It has a decently loud ringer volume it is quite easy to put the phone on mute and configure initial settings, like the date and time. The loud volume also makes it decently easy to locate a lost headset using the page function. On top of that, the screen and buttons for the KX-TGD532W all have a decently bright backlight, making it exceptionally easy to use this phone in a darker environment.
This phone also allows you to block up to 150 numbers, as well as store up to 100 in your phone book.
Next, we compiled a list of all the most common features on these products, then scored each model on how many it had. We found the KX-TGD532W to be a little sparse on features, earning it a 4 out of 10 for this metric, which is responsible for 15% of the total score for each product.
This product is compatible with up to 6 expandable handsets but lacks both a keypad and speaker on the main base, as well as the ability to link to a cell phone.
It has decently large backlit buttons if your eyesight isn't the greatest and has a built-in answering machine. This phone can also act as an intercom system.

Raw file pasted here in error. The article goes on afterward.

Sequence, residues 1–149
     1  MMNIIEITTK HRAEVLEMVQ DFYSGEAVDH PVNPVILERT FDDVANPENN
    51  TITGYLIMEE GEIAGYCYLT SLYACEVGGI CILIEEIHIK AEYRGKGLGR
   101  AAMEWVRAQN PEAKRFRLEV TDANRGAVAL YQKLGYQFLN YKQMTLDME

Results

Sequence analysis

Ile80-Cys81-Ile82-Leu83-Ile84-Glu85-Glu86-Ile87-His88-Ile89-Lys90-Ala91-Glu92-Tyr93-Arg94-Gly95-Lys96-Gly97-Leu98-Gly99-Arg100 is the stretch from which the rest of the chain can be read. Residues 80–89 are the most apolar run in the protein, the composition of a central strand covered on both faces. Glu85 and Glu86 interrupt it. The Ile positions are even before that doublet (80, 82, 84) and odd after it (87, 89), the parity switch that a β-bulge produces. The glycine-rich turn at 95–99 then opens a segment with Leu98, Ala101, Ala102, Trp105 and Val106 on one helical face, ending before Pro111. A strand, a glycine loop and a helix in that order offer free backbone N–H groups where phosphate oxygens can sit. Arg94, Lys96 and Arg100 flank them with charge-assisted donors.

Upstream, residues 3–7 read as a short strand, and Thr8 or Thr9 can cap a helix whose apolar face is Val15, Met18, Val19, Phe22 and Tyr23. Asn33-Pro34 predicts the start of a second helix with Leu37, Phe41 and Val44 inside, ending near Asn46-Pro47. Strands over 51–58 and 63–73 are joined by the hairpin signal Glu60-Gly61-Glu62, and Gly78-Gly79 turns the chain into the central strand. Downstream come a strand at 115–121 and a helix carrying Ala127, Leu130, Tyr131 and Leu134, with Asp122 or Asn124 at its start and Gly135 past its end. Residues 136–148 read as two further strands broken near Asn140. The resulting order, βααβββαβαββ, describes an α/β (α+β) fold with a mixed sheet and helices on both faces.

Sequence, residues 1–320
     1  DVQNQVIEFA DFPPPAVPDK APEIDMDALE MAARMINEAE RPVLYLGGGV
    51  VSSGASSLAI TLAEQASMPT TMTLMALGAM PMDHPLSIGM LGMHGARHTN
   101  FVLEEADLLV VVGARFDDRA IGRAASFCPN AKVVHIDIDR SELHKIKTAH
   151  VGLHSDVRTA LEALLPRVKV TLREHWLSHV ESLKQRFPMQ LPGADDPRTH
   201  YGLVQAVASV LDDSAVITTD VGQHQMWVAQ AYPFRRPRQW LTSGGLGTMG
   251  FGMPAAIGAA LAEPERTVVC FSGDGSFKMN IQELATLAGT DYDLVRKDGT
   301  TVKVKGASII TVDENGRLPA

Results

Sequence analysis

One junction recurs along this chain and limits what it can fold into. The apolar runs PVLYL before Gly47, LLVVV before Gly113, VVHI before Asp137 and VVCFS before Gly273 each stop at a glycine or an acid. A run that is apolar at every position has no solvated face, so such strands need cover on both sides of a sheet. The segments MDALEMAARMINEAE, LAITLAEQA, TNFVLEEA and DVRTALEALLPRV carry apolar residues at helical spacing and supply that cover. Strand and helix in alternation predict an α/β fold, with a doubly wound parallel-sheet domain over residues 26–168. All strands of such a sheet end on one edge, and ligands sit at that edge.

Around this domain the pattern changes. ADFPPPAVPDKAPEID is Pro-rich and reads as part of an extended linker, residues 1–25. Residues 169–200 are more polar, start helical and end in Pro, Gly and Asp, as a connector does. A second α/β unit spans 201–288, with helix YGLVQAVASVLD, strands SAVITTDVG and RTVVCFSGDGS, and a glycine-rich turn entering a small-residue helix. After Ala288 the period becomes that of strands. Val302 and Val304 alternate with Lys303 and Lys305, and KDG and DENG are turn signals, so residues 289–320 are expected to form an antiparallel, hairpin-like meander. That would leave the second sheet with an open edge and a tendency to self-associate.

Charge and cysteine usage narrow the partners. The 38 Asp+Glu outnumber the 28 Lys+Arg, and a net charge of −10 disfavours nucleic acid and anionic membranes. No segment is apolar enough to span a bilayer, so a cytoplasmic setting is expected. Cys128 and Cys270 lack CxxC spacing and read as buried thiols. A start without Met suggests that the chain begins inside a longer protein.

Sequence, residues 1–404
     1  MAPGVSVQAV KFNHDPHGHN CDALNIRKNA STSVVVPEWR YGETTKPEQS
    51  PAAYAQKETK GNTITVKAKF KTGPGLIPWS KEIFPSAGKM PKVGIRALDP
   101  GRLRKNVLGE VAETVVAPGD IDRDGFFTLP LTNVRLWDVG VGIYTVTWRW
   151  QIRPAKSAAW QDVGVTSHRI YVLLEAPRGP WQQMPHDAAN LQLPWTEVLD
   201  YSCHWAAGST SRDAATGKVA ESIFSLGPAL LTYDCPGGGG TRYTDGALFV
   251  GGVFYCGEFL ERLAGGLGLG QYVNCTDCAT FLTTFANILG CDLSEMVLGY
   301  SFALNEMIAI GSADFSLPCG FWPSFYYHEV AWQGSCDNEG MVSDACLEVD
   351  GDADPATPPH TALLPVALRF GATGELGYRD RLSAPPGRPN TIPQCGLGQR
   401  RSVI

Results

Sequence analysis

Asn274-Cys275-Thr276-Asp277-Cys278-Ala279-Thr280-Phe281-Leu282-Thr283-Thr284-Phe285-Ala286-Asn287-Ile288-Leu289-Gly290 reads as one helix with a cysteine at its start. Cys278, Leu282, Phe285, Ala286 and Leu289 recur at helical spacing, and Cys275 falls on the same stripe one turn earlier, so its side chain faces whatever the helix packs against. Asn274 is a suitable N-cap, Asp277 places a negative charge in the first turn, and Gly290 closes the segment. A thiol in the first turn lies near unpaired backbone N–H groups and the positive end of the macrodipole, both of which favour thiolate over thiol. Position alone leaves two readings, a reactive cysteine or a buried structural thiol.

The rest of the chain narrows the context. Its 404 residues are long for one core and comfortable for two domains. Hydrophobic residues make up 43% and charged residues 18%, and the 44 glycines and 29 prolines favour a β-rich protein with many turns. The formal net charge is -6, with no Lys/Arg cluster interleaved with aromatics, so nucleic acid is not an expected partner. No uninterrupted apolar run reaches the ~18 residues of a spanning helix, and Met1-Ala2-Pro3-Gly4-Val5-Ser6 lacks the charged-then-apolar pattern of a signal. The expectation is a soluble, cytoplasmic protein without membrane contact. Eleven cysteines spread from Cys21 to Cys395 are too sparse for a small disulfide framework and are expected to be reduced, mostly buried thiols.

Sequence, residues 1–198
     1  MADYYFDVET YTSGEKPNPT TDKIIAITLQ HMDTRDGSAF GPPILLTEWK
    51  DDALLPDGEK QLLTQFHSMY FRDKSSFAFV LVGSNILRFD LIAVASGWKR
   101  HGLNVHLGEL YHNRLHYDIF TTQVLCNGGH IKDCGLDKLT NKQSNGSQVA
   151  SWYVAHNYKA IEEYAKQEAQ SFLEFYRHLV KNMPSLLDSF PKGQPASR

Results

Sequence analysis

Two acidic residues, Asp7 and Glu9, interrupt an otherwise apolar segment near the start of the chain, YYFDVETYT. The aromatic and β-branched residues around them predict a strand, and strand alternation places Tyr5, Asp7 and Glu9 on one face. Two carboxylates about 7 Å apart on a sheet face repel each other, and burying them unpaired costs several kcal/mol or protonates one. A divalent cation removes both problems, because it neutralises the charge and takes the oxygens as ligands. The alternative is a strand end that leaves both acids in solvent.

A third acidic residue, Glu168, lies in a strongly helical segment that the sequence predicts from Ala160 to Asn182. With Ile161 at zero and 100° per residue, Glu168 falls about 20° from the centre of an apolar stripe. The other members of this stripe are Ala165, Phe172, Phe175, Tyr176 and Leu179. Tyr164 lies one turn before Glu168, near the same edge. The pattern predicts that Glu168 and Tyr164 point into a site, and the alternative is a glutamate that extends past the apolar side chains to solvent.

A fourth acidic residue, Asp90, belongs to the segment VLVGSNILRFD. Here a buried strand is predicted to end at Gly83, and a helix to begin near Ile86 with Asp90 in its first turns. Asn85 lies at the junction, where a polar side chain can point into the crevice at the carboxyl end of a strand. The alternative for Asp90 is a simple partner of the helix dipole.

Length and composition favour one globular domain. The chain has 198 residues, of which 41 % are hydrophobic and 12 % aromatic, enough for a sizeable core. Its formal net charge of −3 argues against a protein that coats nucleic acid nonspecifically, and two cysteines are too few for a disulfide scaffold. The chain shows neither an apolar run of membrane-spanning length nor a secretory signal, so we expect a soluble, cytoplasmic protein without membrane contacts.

For the remaining 10% of the total score, we compared and judged the battery life of each product, both talking and on standby, as well as the time it took to charge each one. The KX-TGD532W again gave a slightly disappointing performance, earning it a 4 out of 10.
The handset for this phone only lasted for 10 hours, 45 minutes in our talk time test — significantly less than the 15.5 hours of the top model. It has a claimed standby time of 5 days — again, quite a bit less than the top performers — but does charge relatively quickly, only taking 7 hours to completely charge a fully depleted battery.
This phone is an alright value, but there are other comparably priced models that have better sound quality and battery life.
All in all, the KX-TGD532W isn't a bad phone, but it isn't our favorite either. While it does have an exceptional range and is very easy to use, we wished the audio quality was just a bit better and it had a few more features.